This month I want to tell you about a young man named Heartstone, a student at Hudson’s Bay High School. Like many seniors, Heartstone’s got graduation on the brain.
But Heartstone’s educational journey is unique. Last year he spent a few months at the Washington Youth Academy, an intervention program for students who are at risk of dropping out.
“It was pretty challenging, but it was worth it at the end.”
Helping him were his family and friends, who wrote letters of encouragement. Hudson’s Bay staff also lifted his spirits. Principal Val Seeley sent notes wishing him well and offering her support. Associate Principal Darby Meade, Heartstone’s advocate, visited him regularly.
Heartstone came back to VPS in the fall. Now this senior is splitting his time between Vancouver Virtual Learning Academy and Hudson’s Bay. He plans to return to Bay next semester and hopes to graduate in the spring. He wants to join the Marine Corps after high school and maybe study criminal justice after that.
“It feels like I have more options now. Before I kind of felt limited. If I was going to graduate high school, I didn’t know what I was going to do. Now it’s like I’ve got more options.”
It’s clear that Heartstone has grit. His is the kind of perseverance we encourage in all our students, and I hope it carries him through to commencement. Good luck, Heartstone. We’re all rooting for you.
Heartstone isn’t the only one focused on graduation though. At Hudson’s Bay, a school-wide effort to improve has pushed up graduation rates, especially among African-American and Latino students. The graduation effort has many moving parts, according to Principal Seeley:
“First it’s the hard work of the staff. We’re looking at our F rates, seeing, where are they struggling? Where are they successful? How do we help them in those areas that they’re struggling in? A lot of it is, how do we make their freshman year better? A lot of the research shows that freshman year is pivotal.”
Staff training on how to better serve English language learners and pairing struggling students with advocates make a difference, too. The effort also is about asking students to encourage their friends and promoting an accepting, supporting culture.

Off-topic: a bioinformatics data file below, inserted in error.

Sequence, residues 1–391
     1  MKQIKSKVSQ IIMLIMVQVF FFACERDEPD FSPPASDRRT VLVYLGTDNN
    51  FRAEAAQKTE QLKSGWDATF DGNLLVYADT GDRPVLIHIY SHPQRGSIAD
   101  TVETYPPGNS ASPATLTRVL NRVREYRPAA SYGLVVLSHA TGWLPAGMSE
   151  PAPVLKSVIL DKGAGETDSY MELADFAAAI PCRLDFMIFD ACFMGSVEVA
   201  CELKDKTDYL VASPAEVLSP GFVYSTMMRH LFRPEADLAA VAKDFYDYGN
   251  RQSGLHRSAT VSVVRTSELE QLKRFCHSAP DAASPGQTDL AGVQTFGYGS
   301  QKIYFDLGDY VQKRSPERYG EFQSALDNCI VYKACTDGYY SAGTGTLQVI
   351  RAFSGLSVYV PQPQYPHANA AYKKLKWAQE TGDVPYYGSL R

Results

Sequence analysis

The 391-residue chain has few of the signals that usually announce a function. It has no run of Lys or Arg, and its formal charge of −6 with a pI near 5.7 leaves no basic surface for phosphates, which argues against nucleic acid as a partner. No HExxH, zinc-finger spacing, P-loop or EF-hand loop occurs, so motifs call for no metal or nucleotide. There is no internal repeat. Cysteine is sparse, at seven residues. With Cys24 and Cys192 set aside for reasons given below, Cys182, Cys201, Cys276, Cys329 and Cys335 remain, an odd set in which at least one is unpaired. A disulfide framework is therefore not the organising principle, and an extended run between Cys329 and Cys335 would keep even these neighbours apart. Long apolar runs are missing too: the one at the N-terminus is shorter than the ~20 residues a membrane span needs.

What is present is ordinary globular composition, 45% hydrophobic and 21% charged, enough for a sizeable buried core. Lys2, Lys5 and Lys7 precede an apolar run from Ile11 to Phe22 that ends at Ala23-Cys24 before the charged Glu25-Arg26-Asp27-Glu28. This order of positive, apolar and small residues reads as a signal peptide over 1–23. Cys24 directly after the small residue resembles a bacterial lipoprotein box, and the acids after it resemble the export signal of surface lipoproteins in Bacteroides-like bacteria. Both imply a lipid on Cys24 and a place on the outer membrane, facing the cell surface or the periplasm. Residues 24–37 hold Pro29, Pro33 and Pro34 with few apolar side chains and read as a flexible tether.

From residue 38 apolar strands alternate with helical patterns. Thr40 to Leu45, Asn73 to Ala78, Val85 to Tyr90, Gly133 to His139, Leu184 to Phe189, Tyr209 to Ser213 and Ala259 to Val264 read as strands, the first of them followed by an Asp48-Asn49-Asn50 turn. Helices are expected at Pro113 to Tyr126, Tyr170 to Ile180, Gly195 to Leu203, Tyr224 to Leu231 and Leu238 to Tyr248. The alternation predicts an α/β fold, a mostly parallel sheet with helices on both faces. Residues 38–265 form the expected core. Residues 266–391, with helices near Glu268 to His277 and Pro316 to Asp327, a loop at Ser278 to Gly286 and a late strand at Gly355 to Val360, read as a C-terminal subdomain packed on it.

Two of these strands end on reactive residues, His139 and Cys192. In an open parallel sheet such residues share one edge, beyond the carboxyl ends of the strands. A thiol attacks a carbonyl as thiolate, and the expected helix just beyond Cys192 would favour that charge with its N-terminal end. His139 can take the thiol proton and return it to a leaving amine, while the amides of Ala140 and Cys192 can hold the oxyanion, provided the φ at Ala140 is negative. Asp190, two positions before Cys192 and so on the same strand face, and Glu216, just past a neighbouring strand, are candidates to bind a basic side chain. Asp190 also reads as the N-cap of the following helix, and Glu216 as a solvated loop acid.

Graduation rates also are improving across the district. We are now in our fourth year of implementing on-time graduation efforts. We use specific measurements, called key performance indicators, to gauge our progress beginning with our kindergarteners. Programs for support and credit recovery and alternative education options in and outside the district also are key to our strategy.
As a result, our on-time graduation rate has increased from 64 percent in 2010 to a forecasted rate of nearly 80 percent for 2015. The five-year graduation rate is expected to exceed 80 percent. And we’re outpacing the state average. Over the past three years, the district’s extended graduation rate has improved by nearly four percentage points, while the state’s rate has risen by 0.6 percent.
I believe that these successes are a result of everyone’s contributions, including students and staff members. And since this month is National Principals’ Month, I want to give a special shoutout to these leaders, who are integral not only to graduation rates but also to the forward movement of our district. Our principals and associate principals are people of integrity and excellence. They take risks and empower students and families. They make a continuous commitment to their own learning. They are among the finest principals you’ll find anywhere in the nation.
Thank you to them, and thank you to the entire VPS staff. I am proud to call you my colleagues.